Despite pledging he would release his taxes as soon as his "routine audit" was completed, right after his inauguration President Donald Trump flip flopped. When prodded, his counselor, Kellyanne Conway, glibly said that Trump had changed his tune because "the people don't care" about his taxes.
On April 15, many Americans will join Tax Marches in cities in almost every state to tell Trump that we do, in fact, care a great deal about his taxes.
Disclosure of Trump's returns is vital for understanding his conflicts of interest, but the Tax Marches are about more than just the need for an open, ethical and transparent government. They are also about Americans standing up against a rigged tax system in which billionaires pay a lower rate than secretaries, some profitable multinational corporations pay no federal income tax at all (due to corporate offshoring) and small businesses and hardworking families are forced to pick up the tab to create the society we want to live in.
Though folks may grouse, most people in the United States take very seriously our collective responsibility to pay our taxes. We know that taxes help provide clean air and water, safe food and drugs, passable roads and bridges, protective police, successful schools and so many things that make our communities livable. We, therefore, need to create a more equitable system that closes loopholes, invests in communities and puts money in the hands of working Americans.
Trump's tax returns -- or lack thereof -- cannot be excluded from any discussion of a more equitable system. His returns are critical to understanding the true state of Trump's financial affairs. Without complete returns, we won't know whether he owes money to foreign governments or their leaders, how much he has given in charitable contributions, how much (if anything) he has personally paid in taxes and what some of his assets really are.
On the matter of international entanglement, a surprising new buzzword -- "foreign emoluments" -- has entered the political lexicon. This phrase refers to any payments from foreign governments to the president, as our founders had the foresight to include a clause in the Constitution prohibiting foreign nations from bribing our top executive.
Though Trump has transferred control of his businesses to his sons, he has not fully divested from them. In other words, any time a foreign official stays at a Trump hotel or the Trump Organization makes a foreign deal, he could have a potential conflict of interest. Knowing that Trump may be violating the emoluments clause gives the public further cause to demand his tax returns.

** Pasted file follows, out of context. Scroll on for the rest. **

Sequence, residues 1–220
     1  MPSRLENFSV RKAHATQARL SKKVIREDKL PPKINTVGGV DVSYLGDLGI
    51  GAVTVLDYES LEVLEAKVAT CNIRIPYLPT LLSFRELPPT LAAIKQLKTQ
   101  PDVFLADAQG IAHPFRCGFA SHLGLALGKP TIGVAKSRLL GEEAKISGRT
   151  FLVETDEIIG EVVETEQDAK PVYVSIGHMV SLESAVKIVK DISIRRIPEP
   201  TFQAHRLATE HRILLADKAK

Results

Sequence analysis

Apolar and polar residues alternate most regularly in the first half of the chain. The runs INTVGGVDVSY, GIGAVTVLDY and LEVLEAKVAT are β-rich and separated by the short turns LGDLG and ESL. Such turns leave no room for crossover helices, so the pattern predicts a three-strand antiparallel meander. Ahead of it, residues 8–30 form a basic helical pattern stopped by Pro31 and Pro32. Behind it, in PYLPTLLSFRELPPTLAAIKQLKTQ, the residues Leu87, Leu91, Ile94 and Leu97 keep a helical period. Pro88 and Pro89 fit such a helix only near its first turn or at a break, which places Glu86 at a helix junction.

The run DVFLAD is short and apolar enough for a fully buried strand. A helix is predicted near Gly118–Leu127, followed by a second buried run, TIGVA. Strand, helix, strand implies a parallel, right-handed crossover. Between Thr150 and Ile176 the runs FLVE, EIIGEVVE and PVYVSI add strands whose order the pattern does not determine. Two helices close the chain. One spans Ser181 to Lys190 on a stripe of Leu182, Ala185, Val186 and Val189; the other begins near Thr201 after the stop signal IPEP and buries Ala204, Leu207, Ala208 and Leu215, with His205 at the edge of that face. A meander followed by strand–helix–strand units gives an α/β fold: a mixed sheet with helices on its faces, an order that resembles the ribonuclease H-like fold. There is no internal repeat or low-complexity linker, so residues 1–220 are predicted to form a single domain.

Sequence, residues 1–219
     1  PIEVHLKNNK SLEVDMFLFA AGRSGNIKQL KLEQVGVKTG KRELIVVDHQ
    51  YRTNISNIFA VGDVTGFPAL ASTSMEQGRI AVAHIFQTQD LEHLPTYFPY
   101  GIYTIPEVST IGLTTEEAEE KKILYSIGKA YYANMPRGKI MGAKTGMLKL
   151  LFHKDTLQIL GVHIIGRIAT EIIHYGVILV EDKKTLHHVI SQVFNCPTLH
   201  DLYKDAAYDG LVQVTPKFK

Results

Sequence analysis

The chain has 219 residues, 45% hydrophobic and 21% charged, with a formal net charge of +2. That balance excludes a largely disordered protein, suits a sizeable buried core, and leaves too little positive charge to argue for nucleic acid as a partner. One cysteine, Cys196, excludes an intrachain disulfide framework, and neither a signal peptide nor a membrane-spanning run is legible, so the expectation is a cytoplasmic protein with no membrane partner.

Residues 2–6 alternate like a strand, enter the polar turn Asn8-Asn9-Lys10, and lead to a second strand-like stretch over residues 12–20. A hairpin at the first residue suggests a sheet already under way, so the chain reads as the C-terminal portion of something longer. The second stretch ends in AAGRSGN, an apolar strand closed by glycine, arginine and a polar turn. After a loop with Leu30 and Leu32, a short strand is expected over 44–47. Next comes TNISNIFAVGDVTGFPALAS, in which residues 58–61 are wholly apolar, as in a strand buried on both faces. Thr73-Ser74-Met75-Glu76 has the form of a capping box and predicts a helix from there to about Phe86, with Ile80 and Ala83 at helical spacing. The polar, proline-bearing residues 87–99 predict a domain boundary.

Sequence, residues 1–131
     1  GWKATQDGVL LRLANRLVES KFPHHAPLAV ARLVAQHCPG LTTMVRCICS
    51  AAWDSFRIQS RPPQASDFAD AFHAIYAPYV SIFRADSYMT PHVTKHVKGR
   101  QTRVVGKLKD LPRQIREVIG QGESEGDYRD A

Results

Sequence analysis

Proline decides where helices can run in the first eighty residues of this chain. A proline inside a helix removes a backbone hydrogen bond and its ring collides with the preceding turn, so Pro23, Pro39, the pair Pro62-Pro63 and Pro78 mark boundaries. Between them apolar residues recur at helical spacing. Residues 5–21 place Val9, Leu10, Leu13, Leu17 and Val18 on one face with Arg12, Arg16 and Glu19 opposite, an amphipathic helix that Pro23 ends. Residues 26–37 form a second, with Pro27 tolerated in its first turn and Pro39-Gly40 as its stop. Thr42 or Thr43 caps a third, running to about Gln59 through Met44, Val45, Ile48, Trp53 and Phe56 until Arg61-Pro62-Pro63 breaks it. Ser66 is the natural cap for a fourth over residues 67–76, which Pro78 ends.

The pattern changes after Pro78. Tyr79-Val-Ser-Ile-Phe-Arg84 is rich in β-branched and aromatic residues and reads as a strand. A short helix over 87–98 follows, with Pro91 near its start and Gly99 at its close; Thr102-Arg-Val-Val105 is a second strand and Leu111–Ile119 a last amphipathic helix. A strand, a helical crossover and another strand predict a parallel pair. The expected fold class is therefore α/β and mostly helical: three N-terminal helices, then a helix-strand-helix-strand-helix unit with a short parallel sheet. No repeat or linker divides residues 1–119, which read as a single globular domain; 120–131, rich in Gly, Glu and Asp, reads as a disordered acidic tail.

To build trust with the voters, all presidents since Richard Nixon have released their returns, and Trump should be no different. The voters who elected him have a right to know whether he's anywhere near the "good businessman" he claims to be.
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This message takes on particular potency as Trump turns his attention to tax reform. With his next stated legislative priority being reforming the tax code, we want to understand what he pays and whether changes he proposes could enrich him personally at the expense of regular Americans.
Lawmakers in Congress like US Sens. Ron Wyden, D-Oregon, Tim Kaine, D-Virginia, and Elizabeth Warren, D-Massachusetts, have joined in the call for Trump to disclose his tax returns, introducing the Presidential Tax Transparency Act to require him and future presidents and presidential candidates to do so. And, just last week, Democratic Leader Nancy Pelosi and US Reps. Hakeem Jeffries, D-New York, Richard Neal, D-Massachusetts, Anna Eshoo, D-California, and Bill Pascrell, D-New Jersey, filed a discharge petition on Eshoo's companion legislation, which if it receives majority support in the House, will force a vote on the floor.
What's more, legislators in 26 states have introduced legislation requiring presidential candidates to disclose their taxes if they want to be on the ballot in that state. And since Trump is likely the earliest declared presidential candidate for a second term (he began his 2020 candidacy immediately after inauguration), we figure he cares a little bit about being on those ballots.
Some local Tax March organizers are calling Trump "chicken" for not releasing his returns and trolling him with a huge, inflatable fowl with a Trump-like orange pompadour. Despite the levity of the giant balloon, people are serious about calling for Trump to release his returns.
At the end of the day, the president should be the ultimate public servant of the American people, and anyone who holds the office should be an open book on taxes and beyond. There is a reason that the most popular petition on an issue on the WhiteHouse.gov website now is nearly 1.1 million strong in its demand for Trump's taxes to be disclosed.
The people really do care -- if he has benefited from the many tax breaks afforded to the rich, his gains would reflect a fundamental inequity in the American tax system and a driver for the weekend march.
So Trump can be sure that Americans won't stop marching, chanting and demanding his tax returns until he finally releases them.